US judge spikes Blackwater case

Five guards of security firm were charged with killing civilians in Baghdad in 2007

US judge spikes Blackwater case


US district judge Ricardo Urbina threw out the case not on merit but on the way the prosecutors had handled it by wrongly using defendants’ “statements compelled under a threat of job loss”.

The judge said using such “compelled statements” that were given with a promise of immunity, is a violation under US law of Fifth Amendment privilege against self-incrimination. “The burden fell on the government to prove that it made no use of these immunised statements whatsoever ,” judge Urbina wrote in a 90-page opinion.
“Explanations offered by prosecutors and investigators in an attempt to justify their actions and persuade the court that they did not use the defendants’ compelled testimony were all too often contradictory, unbelievable and lacking in credibility,” he added.

Acting at the time under a contract from the State Department, Blackwater, now called Xe, became infamous in September 2007 when its guards opened fire while escorting US diplomats through one of Baghdad’s main markets, killing 17 Iraqis, in one of the most provocative incidents of the US invasion.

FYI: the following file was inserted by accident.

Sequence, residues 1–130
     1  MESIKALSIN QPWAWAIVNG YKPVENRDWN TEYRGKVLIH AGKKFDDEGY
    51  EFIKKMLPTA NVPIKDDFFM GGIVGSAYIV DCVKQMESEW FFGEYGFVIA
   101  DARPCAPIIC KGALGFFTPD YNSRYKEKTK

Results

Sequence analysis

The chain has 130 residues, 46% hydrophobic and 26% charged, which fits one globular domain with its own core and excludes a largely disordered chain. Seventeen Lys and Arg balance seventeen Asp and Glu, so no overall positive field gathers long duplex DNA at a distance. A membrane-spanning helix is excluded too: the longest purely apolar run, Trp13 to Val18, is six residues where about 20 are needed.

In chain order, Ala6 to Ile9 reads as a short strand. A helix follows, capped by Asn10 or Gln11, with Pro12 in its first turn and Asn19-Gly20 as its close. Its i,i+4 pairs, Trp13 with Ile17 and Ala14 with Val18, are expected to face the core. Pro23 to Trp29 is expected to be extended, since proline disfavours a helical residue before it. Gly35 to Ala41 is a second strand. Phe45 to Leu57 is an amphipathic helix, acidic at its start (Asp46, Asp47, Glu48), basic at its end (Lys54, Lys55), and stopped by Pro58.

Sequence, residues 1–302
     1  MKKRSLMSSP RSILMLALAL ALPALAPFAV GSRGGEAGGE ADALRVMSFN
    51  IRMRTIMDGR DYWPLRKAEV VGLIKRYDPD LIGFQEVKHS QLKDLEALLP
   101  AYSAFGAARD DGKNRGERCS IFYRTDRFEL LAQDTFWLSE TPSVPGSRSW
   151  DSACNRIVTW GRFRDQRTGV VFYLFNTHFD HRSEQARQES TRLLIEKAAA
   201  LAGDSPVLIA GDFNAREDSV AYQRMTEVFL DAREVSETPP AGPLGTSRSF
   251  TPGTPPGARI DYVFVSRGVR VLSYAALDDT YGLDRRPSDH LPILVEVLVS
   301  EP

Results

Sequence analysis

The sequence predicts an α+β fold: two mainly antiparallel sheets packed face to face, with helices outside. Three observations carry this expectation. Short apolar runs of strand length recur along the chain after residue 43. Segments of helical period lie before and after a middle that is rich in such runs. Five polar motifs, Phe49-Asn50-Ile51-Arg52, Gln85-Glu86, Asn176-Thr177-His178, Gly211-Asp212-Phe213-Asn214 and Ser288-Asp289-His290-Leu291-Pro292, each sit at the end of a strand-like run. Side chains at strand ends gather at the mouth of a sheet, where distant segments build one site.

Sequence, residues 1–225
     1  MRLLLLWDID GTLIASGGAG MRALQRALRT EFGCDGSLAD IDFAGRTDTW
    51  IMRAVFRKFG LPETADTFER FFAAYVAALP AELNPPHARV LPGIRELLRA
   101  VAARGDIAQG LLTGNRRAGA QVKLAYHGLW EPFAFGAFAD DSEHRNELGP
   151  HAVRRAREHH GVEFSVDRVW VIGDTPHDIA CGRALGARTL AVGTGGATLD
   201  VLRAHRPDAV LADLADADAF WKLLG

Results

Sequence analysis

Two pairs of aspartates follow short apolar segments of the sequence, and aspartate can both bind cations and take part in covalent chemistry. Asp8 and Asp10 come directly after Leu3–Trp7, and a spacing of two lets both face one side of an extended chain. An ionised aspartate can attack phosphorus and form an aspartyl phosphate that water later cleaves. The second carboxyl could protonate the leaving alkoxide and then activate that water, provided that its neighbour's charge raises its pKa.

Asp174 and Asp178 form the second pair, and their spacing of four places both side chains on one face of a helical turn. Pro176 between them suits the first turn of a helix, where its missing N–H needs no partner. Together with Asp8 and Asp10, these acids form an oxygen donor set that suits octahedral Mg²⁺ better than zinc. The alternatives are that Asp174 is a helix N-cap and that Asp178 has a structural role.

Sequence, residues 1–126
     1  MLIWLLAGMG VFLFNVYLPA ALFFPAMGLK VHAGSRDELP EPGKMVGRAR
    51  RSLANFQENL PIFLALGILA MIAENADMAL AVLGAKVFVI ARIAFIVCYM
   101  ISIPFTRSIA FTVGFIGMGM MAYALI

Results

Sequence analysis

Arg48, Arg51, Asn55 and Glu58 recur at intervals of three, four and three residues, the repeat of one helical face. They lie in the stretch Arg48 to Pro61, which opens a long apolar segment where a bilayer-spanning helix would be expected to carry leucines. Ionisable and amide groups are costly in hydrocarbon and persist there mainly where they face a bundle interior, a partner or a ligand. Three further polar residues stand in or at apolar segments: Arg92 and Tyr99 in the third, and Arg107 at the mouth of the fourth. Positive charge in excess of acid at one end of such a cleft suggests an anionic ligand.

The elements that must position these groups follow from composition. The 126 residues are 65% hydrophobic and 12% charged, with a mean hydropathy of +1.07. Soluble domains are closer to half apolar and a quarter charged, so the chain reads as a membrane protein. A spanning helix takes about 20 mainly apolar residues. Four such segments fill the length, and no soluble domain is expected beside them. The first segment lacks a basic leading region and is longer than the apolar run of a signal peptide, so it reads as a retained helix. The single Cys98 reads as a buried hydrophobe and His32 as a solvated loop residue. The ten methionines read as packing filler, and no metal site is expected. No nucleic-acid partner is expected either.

Tensions between the US and Iraq escalated after the shooting as the security company denied any wrongdoing and claimed that it was reacting to insurgents.
The five defendants, Paul Slough, Nicholas Slatten, Evan Liberty, Dustin Heard and Donald Ball, had pleaded not guilty.
A sixth Blackwater guard had pleaded guilty and was cooperating with the government in the investigation.

Manslaughter charges
Since then several investigations conducted by US authorities have found that the killings were unjustified, and the defendants were charged with voluntary manslaughter and firearms violations.

Noting that the government trial team had repeatedly disregarded the advice of senior prosecutors, Judge Urbina wrote: “In their zeal to bring charges against the defendant in this case, the prosecutors and investigators aggressively sought out statements the defendants had been compelled to make to government investigators in the immediate aftermath of the shooting and in the subsequent investigation”.
“In short, the government has utterly failed to prove that it made no impermissible use of defendants’ statements or that such use was harmless beyond reasonable doubt,” he noted.

Mark Hulwater, a defence lawyer for Slough, said: “We are very gratified by the judge’s thoughtful and reasoned opinion, and we are very happy that Slough can start the New Year without this cloud hanging over his head”.
The US Justice Department is disappointed with the decisions and was assessing further options. The trial was set to begin by the end of January in 2010.

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